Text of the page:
Connecting Canadians: For Canadians and Communities
No endorsement of any products or services is expressed or implied.
The Connecting Canadians program shares the costs of building broadband infrastructure that extends or enhances access to Internet of at least 5 megabits per second (Mbps) in areas of slower or no service.
We thank all those who applied to the Connecting Canadians program, which is now closed to new applications. Selected projects are underway. By 2019, Connecting Canadians is expected to extend or enhance broadband Internet access to approximately 300,000 households across the country.
In Budget 2016, the Government announced an investment of up to $500 million over five years for a new program to extend and enhance broadband service in rural and remote communities. Investment in quality broadband networks will extend access to innovative services that improve education, healthcare, productivity, and local quality of life. The department of Innovation, Science and Economic Development is working on the design of the new broadband program; further details will be announced in the coming months.
Canadians currently without 5 Mbps service are encouraged to contact local Internet service providers in their area to enquire about available high-speed Internet access. The final decision to offer high-speed Internet in a given area rests with individual ISPs.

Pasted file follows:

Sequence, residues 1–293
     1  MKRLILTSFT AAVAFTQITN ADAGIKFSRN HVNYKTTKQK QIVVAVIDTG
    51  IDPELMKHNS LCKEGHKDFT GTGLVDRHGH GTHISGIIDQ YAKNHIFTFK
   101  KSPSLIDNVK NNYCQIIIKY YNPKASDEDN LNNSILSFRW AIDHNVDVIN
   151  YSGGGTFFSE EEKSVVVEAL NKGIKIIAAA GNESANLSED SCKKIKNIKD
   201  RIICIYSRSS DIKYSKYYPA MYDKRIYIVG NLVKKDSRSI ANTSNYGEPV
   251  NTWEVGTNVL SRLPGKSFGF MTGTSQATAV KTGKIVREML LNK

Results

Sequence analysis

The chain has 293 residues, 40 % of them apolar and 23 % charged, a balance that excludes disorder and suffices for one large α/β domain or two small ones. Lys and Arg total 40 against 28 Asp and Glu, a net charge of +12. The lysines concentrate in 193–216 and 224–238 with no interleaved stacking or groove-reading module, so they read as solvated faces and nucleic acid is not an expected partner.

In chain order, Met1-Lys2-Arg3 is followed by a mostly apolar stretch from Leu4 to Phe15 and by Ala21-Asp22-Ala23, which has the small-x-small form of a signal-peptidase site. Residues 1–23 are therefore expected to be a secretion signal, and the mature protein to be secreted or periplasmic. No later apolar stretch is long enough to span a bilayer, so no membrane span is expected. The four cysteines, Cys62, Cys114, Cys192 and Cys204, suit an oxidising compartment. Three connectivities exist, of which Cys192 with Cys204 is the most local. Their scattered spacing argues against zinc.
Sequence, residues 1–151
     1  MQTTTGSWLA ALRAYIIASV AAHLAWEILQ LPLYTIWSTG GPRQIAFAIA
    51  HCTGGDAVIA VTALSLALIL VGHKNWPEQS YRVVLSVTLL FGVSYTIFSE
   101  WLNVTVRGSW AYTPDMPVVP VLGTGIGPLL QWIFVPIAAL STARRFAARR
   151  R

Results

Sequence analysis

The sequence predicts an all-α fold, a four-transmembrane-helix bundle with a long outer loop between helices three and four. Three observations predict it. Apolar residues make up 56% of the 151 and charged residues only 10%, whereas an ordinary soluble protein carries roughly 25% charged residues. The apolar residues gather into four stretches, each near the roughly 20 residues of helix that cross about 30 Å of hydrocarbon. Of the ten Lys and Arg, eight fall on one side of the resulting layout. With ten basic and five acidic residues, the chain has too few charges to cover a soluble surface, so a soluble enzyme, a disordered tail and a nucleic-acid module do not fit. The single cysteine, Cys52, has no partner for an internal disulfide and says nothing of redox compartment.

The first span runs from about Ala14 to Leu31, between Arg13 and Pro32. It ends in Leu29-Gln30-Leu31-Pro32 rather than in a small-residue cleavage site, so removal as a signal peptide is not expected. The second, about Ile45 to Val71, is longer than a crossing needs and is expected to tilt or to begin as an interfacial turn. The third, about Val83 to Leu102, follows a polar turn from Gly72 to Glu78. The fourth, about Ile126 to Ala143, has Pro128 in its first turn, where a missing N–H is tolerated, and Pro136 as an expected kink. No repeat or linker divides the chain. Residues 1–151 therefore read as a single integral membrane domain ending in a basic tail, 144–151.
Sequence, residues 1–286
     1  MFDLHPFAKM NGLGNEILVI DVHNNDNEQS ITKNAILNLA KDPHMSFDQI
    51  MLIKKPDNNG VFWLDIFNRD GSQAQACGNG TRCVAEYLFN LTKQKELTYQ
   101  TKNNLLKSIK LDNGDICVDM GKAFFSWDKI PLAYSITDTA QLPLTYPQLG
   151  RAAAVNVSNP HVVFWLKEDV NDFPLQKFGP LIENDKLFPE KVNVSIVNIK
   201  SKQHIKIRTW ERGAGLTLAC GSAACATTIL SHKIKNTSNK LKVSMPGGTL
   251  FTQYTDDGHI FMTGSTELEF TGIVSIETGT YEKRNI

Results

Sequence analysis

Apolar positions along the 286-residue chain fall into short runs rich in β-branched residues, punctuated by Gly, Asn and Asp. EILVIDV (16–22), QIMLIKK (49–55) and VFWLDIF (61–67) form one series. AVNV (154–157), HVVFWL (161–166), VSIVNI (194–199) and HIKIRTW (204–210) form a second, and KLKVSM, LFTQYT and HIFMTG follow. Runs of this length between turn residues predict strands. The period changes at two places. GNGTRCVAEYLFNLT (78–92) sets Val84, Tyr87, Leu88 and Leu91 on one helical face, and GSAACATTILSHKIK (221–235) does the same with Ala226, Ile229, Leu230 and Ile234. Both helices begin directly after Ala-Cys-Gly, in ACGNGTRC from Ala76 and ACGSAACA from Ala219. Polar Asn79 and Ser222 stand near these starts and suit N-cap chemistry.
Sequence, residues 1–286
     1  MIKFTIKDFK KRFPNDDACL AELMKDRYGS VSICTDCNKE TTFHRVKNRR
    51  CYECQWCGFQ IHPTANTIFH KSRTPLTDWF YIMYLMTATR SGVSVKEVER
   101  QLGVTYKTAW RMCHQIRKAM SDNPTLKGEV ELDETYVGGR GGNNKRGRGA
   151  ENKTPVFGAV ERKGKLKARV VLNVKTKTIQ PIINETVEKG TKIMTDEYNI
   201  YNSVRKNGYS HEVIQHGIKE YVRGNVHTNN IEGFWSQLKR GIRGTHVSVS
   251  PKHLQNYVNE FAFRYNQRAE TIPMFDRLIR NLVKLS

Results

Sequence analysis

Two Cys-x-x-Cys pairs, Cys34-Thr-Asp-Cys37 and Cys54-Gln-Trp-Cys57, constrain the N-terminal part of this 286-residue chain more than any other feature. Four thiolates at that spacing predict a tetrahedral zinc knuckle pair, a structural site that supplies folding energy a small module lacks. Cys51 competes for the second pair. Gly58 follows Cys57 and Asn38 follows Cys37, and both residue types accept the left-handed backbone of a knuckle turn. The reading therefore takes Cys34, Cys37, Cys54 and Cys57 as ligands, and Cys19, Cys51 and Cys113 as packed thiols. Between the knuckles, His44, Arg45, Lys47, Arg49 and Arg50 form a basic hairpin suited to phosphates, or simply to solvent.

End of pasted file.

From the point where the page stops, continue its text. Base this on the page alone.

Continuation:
The $50-million northern component of Connecting Canadians extends and augments satellite capacity, bringing service of at least 3 Mbps to an estimated 12,000 households in Nunavut and the Nunavik region of Quebec. More information about this investment is available in the northern component section.
Over 99 percent of Canadian households currently have access to basic broadband with speeds of 1.5 Mbps, but newer online technologies typically require faster speeds and higher data transfer rates. Through Connecting Canadians, the Government will boost speeds to 5 Mbps for at least 280,000 households across the country.
1 Megabit = 0.125 Megabytes
Megabits per second (Mbps) is the international standard used to measure Internet speeds since the 1970s.
Megabits are the unit of measure that is commonly used by ISPs to measure total amounts of data downloaded. One Megabit (Mbit) is one eighth of a Megabyte (MB), which is the unit normally used to represent memory storage capacity (e.g. on hard disk drives, mobile devices or USB memory sticks).
- Date modified: